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Methicillin-resistant Staphylococcus aureus infection in combat support hospitals in three regions of Iraq

  • X.-Z. HUANG (a1), D. M. CASH (a1), M. A. CHAHINE (a1), G. T. VAN HORN (a2), D. P. ERWIN (a2), J. T. McKAY (a2), L. R. HAMILTON (a2), K. H. JERKE (a3), E.-M. A. CO (a2), W. K. ALDOUS (a2), E. P. LESHO (a1), L. E. LINDLER (a4), R. A. BOWDEN (a1) and M. P. NIKOLICH (a1)...

Summary

Staphylococcus aureus is a leading cause of infections in deployed service members. Based on a molecular epidemiological study of 182 MRSA isolates from patients in three U.S. Army combat support hospitals in separate regions in Iraq, USA300 clone was the most predominant (80%) pulsotype. This finding suggested that strain carriage from the home country by military personnel is epidemiologically more important than local acquisition.

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Copyright

Corresponding author

*Author for correspondence: Dr X.-Z. Huang, Division of Bacterial and Rickettsial Diseases, Walter Reed Army Institute of Research, 503 Robert Grant Ave, Silver Spring, MD 20910, USA. (Email: xiaozhe.huang@amedd.army.mil)

References

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1.Calhoun, JH, et al. Multidrug-resistant organisms in military wounds from Iraq and Afghanistan. Clinical Orthopaedics and Related Research 2008; 466: 13561362.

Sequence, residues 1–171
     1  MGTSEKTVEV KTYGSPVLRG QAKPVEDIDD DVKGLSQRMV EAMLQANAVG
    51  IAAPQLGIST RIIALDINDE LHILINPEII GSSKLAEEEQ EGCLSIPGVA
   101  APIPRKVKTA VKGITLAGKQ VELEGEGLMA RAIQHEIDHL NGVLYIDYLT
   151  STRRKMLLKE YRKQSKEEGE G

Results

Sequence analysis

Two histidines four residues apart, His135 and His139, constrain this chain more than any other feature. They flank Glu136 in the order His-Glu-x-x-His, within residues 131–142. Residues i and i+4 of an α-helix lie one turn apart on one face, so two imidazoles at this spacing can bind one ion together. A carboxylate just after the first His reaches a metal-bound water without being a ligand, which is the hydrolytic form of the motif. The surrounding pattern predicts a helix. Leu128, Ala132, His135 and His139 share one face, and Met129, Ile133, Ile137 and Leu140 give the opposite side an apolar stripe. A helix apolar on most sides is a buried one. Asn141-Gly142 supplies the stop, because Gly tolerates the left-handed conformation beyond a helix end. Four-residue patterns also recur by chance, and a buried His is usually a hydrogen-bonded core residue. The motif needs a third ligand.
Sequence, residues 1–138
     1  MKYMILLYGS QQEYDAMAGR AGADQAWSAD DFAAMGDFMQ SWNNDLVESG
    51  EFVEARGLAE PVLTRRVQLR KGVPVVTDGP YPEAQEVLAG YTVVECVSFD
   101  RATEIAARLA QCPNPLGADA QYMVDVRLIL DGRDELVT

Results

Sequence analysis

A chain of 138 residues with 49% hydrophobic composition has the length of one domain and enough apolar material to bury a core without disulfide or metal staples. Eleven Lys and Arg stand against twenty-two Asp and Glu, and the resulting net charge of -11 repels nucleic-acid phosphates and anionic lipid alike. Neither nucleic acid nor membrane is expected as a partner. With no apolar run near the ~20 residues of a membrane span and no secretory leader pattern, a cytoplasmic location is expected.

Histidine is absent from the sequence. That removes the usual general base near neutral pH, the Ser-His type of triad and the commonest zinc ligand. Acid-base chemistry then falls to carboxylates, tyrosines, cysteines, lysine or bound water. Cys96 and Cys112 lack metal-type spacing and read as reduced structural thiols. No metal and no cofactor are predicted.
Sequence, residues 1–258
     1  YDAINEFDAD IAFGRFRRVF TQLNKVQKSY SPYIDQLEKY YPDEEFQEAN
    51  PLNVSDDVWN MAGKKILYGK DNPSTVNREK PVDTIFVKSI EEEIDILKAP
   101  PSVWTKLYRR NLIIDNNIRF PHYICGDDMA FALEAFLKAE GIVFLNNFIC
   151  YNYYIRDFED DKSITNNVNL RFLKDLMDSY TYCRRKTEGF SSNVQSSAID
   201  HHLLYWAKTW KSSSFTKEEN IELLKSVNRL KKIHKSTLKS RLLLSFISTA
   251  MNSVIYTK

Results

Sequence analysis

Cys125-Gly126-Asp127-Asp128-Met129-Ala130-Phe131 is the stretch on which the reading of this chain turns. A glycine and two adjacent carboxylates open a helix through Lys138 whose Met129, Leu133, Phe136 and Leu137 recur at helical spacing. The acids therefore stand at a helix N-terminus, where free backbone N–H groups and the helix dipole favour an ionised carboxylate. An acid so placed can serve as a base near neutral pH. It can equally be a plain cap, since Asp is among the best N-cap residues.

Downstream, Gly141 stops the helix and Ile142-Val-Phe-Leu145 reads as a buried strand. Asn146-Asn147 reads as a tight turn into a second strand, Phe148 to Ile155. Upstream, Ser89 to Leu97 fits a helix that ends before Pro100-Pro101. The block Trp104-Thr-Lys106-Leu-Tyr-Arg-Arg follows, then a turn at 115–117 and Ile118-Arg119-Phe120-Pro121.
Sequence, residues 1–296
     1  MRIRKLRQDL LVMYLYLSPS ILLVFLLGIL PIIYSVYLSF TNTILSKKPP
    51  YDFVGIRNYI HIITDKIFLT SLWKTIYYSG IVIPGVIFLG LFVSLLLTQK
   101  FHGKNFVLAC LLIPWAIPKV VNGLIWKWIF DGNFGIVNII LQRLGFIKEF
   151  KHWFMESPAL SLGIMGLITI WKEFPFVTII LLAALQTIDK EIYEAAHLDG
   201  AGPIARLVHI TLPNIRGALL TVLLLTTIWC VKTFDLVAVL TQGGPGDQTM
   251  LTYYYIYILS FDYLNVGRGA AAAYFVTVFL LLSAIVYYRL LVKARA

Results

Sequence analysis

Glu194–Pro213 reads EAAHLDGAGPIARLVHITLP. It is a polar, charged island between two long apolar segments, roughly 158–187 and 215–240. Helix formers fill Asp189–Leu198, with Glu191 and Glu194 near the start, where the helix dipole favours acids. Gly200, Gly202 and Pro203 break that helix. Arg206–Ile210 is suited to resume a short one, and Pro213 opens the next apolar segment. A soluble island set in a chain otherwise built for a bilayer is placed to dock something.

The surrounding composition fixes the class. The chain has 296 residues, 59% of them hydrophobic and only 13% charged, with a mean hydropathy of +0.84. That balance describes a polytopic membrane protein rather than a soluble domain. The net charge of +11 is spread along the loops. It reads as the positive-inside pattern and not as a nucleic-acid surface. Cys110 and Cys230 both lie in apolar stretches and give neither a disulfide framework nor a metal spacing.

2.Huang, X-Z, et al. Molecular characteristics of multidrug resistant bacteria isolated in the Iraq theater. In: Presentation Abstract of the 47th Annual Meeting of the Infectious Diseases Society of America. Philadelphia, PA: Infectious Diseases Society of America, October 2009, Session 104.
3.Johnson, JK, et al. Skin and soft tissue infections caused by methicillin-resistant Staphylococcus aureus USA300 clone. Emerging Infectious Diseases 2007; 13: 11951200.
4.Davis, SL, et al. Epidemiology and outcomes of community-associated methicillin-resistant Staphylococcus aureus infection. Journal of Clinical Microbiology 2007; 45: 17051711.
5.Vandenesch, F, et al. Community-acquired methicillin-resistant Staphylococcus aureus carrying Panton-Valentine leukocidin genes: worldwide emergence. Emerging Infectious Diseases 2003; 9: 978984.
6.Milheirico, C, et al. Update to the multiplex PCR strategy for assignment of mec element types in Staphylococcus aureus. Antimicrobial Agents and Chemotherapy 2007; 51: 33743377.
7.Lina, G, et al. Involvement of Panton-Valentine leukocidin-producing Staphylococcus aureus in primary skin infections and pneumonia. Clinical Infectious Diseases 1999; 29: 11281132.
8.McDougal, LK, et al. Pulsed-field gel electrophoresis typing of oxacillin-resistant Staphylococcus aureus isolates from the United States: establishing a national database. Journal of Clinical Microbiology 2003; 41: 51135120.
9.Tietz, A, et al. Transatlantic spread of the USA300 clone of MRSA. New England Journal of Medicine 2005; 353: 532533.
10.Reyes, J, et al. Dissemination of methicillin-resistant Staphylococcus aureus USA300 sequence type 8 lineage in Latin America. Clinical Infectious Diseases 2009; 49: 18611867.
11.Ellis, MW, et al. Presence and molecular epidemiology of virulence factors in methicillin-resistant Staphylococcus aureus strains colonizing and infecting soldiers. Journal of Clinical Microbiology 2009; 47: 940945.
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Epidemiology & Infection
  • ISSN: 0950-2688
  • EISSN: 1469-4409
  • URL: /core/journals/epidemiology-and-infection
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